General Whistler had decreed that June 6 should henceforth be kept as a holiday because of 3rd Division’s historic role in the Normandy landing. Because the 92nd had been on operational duties that day, it instead observed the holiday on June 12. Four days later, the regiment moved to the north-east of Bremen, guarding 3,000 prisoners at the Milag detainee compound in Westertimke.

Towards the end of the month, three new troops were formed and the batteries were reorganised, each with three troops. On July 14, the regiment moved to Harpstedt. Here, the 92nd finally said farewell to the guns which had served it so well for so long. On July 17 in the gun and vehicle park at Weezendorf, the oiled and cleaned Bofors were handed over to ordnance troops for shipment out via Hamburg.

On August 13, Lieutenant Colonel Adderley was succeeded by Lieutenant Colonel R McLay. Although occupation duties still kept the bulk of the 92nd in Germany, some personnel were being transferred to the Far East, where Japan was stubbornly refusing to surrender – Major Crane and Jack Prior were sent to India.

In a top-secret plan, codenamed Downfall, 3rd British had been earmarked as one of the assault divisions for a gigantic American-led invasion of the Japanese home islands, scheduled for March 1946. The 3rd was to have formed part of a Commonwealth corps with a Canadian and an Australian division, attacking the main island of Honshu, eventually taking Tokyo.

Elements of one 3rd Division unit, the 20th Anti-Tank Regiment, got as far as being put aboard a plane for Maryland in the U.S., where they were due to start training. But the flight was cancelled. Mercifully, with Allied casualties predicted to be one million, the atomic bombs were dropped and Japan finally capitulated on August 15.

Back in Germany, the 92nd continued its policing duties. On August 18, the regiment evicted all Russian displaced persons and freed PoWs from Harpstedt and Dunsen to camps at Luneburg. At the beginning of September, while 318 stayed at Kreis Hoya, Harpstedt, the regiment moved to Scheessel in the Kreis Rotenburg area. On the 25th, the batteries completed the reorganisation into three troops.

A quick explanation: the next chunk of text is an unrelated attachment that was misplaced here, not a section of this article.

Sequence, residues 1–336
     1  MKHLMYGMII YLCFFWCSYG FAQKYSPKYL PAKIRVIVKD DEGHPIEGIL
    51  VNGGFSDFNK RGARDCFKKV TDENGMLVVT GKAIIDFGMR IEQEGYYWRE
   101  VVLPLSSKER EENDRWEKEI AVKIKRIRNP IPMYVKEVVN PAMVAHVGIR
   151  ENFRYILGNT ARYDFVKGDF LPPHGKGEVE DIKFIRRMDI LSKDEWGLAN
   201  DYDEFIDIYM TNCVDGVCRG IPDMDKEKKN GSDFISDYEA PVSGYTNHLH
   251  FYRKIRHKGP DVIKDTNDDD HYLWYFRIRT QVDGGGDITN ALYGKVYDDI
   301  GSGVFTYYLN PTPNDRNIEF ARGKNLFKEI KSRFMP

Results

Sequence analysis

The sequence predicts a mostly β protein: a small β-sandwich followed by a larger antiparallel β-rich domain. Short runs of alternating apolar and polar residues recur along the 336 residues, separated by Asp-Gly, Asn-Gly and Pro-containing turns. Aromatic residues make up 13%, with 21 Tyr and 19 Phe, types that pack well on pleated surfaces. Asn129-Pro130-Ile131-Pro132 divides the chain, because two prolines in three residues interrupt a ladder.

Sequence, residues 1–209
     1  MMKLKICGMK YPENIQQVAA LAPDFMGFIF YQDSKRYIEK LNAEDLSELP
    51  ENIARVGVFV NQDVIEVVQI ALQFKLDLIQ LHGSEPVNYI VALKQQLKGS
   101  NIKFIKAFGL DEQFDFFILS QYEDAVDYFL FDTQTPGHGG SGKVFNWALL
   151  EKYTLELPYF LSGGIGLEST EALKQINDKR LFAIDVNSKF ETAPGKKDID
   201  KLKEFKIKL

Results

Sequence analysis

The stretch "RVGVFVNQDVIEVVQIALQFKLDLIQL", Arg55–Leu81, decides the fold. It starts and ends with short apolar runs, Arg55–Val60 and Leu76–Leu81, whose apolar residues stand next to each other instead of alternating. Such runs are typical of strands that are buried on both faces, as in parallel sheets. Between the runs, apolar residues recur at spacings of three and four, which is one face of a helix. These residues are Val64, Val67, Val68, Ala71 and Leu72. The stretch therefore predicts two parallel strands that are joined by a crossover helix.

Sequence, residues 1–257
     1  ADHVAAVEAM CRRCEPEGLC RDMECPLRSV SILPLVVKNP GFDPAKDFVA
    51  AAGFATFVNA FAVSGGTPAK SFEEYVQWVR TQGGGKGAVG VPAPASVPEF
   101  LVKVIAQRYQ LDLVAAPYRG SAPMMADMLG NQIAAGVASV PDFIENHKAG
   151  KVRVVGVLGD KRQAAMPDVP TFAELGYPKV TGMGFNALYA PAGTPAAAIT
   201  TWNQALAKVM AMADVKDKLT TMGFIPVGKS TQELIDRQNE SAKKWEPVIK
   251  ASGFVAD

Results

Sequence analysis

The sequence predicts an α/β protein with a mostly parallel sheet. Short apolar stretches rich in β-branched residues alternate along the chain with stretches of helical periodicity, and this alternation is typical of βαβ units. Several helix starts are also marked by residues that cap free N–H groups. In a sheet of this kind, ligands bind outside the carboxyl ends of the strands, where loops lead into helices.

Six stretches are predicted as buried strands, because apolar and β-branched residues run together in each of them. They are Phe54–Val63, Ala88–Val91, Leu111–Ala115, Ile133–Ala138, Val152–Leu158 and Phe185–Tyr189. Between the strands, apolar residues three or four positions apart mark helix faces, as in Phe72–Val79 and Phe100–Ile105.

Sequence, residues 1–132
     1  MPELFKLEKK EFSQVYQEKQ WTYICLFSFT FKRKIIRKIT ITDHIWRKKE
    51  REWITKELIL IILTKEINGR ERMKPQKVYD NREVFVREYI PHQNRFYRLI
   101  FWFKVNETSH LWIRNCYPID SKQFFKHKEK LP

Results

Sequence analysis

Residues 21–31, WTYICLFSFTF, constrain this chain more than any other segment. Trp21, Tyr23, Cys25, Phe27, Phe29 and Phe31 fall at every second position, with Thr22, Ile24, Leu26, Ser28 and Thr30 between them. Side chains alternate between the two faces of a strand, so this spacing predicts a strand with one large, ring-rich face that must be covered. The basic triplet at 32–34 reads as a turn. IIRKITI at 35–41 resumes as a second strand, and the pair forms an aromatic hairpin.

During the month, men began to be released or transferred to other units and by the beginning of October, the regiment’s strength was 607. On October 9, the 92nd REME workshop was disbanded. Pioneers took over Harpstedt from 318 on the 22nd and the battery moved to Rotenburg aerodrome. On November 13, Lieutenant Colonel G E C Sikes, DSO took over command and as December opened, the regiment’s assignment was guarding a vehicle park on the Bremen-Hamburg autobahn.

All the time, numbers had been gradually dwindling. Because two drafts of men were scheduled to leave on December 24, Christmas celebrations were held on the 23rd, with the weather snowy. By now, the regiment numbered only 552.

As 1946 opened, the run-down accelerated and notification came that disbandment was scheduled for February. Throughout January, personnel numbers dwindled rapidly as men were discharged or given other postings. By February 2, most remaining stores, equipment and vehicles were being shipped out.

Two days later, on February 4, 1946, as rain swept Scheessel, the 92nd (Loyals) Light Anti-Aircraft Regiment, Royal Artillery, was formally disbanded. It was five years and seven months to the day since the 7th Loyals had been formed at Fulwood Barracks. Most of the men and many of the officers who had made up the newly-raised battalion in that desperate summer of 1940 had stayed with it on its long, eventful journey from fledgling infantry unit to crack mobile anti-aircraft regiment.

Through the long years of training in Britain and their many battles – from the Normandy beaches to Bremen – they had served the guns well. And had proved by their skill, courage and dedication that they were indeed ‘true Loyals.’

Quo Fas Et Gloria Ducunt

Loyaute M’Oblige